After a week of student-led protests around the country, President Jacob Zuma announced today that South African universities will not increase their fees in 2016, signalling a win for the #feesmustfall campaign. At Stellenbosch, students heard this news while waiting outside the police station for the release of some fellow protesters arrested earlier in the day. I shot some photos.
In the wake of Anene Booysen’s brutal gang rape and murder, South Africa has not reacted with the same intensity as India did when Jyoti Singh Pandey was gang raped and killed in December. Some people are taking to the streets though. Today saw protesters raising their voices outside Parliament in Cape Town.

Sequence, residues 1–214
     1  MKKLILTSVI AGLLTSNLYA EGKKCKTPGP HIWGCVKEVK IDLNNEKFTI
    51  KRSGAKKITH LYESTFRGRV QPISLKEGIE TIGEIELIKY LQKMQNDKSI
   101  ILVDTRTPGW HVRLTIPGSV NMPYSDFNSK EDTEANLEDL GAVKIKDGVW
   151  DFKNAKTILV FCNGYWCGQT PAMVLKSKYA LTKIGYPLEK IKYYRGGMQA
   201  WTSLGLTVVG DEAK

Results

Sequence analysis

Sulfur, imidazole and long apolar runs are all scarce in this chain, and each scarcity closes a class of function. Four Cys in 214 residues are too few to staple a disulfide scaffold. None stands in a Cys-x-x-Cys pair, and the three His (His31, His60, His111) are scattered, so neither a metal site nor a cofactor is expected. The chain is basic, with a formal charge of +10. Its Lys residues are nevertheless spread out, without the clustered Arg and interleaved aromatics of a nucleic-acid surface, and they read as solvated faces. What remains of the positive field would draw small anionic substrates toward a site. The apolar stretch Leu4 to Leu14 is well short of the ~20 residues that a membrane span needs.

A man with a sign marches down Colfax Avenue. Photo: Brendon Bosworth
The weather in Denver was miserable on Saturday morning. But the steady rain and slate grey sky didn’t extinguish close to three hours of colorful, nonviolent protest. About 300 to 400 people joined Occupy Denver, a group showing solidarity with Occupy Wall Street and Occupy Together, and marched through the city’s wet streets.
How to engage with the police was a prickly topic at Occupy Denver’s general assembly last night.
About 60 to 70 people attended the 7 p.m. meeting at Civic Center Park on Broadway Street. Gathered in a circle in front of Colorado’s capitol building, flanked by a makeshift kitchen – the “thunder dome”– which served free dinner to participants, members of the loose-knit collective, which formed thirteen days ago in solidarity with Occupy Wall Street, aired their views on engaging with the police and other issues. Continue reading